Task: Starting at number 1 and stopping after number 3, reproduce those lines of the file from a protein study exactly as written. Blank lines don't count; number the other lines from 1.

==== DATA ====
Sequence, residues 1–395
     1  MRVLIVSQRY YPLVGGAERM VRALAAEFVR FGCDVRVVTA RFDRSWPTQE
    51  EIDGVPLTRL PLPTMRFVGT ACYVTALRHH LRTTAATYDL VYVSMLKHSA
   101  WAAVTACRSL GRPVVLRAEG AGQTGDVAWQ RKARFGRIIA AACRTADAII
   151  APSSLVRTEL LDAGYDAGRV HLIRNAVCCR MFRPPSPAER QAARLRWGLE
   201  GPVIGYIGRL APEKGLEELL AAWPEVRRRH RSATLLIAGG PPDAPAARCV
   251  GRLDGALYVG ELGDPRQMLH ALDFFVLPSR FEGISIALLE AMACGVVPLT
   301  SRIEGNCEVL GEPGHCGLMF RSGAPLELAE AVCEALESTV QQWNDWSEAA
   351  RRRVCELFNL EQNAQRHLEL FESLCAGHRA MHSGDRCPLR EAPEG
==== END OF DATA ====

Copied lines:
Sequence, residues 1–395
     1  MRVLIVSQRY YPLVGGAERM VRALAAEFVR FGCDVRVVTA RFDRSWPTQE
    51  EIDGVPLTRL PLPTMRFVGT ACYVTALRHH LRTTAATYDL VYVSMLKHSA